"...a complete and public draft of a scientific document. Preprints are typically unreviewed manuscripts written in the style of a peer-reviewed journal article. Scientists issue preprints to speed dissemination, establish priority, obtain feedback, and offset publication bias."
An author’s final manuscript, which has been peer-reviewed (if applicable to the publisher's policies). It has not, however, been copyedited nor does it reflect any layout by the publisher in preparation for publication.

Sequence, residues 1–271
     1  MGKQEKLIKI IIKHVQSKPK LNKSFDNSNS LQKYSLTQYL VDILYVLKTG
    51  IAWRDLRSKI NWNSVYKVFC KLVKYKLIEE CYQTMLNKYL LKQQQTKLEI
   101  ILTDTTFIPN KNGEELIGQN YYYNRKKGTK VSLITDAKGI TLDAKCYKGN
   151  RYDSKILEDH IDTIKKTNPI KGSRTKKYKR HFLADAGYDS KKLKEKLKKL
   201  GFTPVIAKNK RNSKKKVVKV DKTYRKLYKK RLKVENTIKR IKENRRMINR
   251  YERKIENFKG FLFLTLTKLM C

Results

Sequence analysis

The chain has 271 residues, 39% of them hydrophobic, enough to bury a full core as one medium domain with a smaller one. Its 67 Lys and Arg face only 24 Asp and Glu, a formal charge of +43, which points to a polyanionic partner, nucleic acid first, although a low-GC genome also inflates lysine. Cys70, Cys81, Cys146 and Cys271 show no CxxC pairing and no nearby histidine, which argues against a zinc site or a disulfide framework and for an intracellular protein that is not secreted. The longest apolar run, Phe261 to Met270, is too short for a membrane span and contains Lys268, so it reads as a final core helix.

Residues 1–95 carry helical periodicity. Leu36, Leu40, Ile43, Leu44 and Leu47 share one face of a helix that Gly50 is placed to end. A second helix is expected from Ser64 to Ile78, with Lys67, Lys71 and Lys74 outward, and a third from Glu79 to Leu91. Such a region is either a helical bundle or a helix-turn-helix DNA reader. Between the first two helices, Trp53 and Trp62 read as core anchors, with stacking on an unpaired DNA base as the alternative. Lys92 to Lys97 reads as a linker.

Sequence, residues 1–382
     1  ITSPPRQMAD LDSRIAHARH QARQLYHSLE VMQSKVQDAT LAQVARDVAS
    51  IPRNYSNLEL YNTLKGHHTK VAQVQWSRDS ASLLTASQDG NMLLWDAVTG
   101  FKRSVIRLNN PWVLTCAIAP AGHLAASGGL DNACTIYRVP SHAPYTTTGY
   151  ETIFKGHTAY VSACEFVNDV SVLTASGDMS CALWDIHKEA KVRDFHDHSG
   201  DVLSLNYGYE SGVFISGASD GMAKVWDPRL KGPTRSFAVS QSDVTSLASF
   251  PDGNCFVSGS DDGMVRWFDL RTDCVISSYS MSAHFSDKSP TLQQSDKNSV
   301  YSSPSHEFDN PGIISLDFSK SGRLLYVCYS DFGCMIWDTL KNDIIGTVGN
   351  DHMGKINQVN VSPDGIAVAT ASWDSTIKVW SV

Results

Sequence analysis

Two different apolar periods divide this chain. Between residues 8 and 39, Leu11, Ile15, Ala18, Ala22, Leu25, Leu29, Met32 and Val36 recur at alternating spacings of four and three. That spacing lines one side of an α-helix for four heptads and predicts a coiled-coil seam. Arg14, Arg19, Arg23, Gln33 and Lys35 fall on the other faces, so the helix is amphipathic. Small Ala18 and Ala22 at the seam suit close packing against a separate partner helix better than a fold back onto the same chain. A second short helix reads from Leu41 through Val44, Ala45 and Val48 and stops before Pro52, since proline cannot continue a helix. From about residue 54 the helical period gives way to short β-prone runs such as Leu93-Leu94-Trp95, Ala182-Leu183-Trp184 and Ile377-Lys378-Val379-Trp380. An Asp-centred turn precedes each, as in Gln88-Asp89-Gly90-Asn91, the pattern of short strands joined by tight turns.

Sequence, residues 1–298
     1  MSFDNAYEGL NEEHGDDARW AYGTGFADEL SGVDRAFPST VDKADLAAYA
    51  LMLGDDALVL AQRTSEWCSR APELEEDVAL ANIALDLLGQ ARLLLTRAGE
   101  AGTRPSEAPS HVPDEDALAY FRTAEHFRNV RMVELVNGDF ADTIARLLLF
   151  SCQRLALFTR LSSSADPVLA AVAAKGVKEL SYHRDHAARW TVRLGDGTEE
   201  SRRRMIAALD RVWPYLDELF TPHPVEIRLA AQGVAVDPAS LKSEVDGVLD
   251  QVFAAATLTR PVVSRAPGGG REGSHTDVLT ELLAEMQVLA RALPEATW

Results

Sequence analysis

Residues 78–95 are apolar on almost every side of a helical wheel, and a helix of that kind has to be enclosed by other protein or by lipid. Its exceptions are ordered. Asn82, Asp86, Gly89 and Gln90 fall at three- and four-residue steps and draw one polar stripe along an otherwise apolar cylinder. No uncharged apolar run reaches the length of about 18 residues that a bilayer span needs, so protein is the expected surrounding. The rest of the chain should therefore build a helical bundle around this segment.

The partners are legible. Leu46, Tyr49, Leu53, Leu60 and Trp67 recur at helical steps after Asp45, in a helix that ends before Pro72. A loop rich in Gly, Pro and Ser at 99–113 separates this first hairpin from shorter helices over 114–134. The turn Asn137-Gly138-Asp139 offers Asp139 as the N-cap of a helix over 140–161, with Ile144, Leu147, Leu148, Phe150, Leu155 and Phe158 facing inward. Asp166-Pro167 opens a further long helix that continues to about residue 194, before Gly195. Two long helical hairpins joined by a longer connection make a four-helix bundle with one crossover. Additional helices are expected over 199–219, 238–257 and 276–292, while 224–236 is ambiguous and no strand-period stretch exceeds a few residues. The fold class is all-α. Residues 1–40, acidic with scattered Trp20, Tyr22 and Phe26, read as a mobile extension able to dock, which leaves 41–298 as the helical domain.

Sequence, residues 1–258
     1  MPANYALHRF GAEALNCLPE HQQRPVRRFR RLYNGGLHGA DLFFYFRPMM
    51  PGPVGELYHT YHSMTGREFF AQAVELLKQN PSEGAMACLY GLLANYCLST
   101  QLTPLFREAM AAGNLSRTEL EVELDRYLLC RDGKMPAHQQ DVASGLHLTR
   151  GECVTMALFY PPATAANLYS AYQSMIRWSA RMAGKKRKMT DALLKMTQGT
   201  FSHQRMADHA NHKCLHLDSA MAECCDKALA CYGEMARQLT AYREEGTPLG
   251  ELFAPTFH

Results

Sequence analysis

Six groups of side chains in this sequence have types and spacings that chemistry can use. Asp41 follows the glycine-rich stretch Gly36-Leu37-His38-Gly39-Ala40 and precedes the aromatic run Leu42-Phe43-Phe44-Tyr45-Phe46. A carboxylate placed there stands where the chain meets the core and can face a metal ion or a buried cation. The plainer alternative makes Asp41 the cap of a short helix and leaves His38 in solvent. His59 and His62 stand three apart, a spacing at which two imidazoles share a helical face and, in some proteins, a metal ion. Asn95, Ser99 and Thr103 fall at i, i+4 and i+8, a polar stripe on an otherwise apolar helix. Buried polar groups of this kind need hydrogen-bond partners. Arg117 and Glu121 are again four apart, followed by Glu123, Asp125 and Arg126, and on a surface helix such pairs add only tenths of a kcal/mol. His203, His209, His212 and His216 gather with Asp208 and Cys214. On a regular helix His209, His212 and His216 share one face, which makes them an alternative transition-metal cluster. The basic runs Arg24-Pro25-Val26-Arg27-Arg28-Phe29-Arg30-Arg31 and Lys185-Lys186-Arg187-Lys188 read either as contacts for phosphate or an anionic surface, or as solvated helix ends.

"where a scientist publicly declares key elements of their research protocol in advance. Preregistration can help scientists enhance the rigor of their work."
Preprints and postprints (also called the author's final manuscript or author's accepted manuscript) can be posted in repositories (i.e., RED, PubMed Central). Often, researchers can share and/or retain the rights to these versions of their manuscript.
Sherpa Romeo can assist researchers in understanding their rights for archiving these versions of their manuscript and understanding publishers' policies.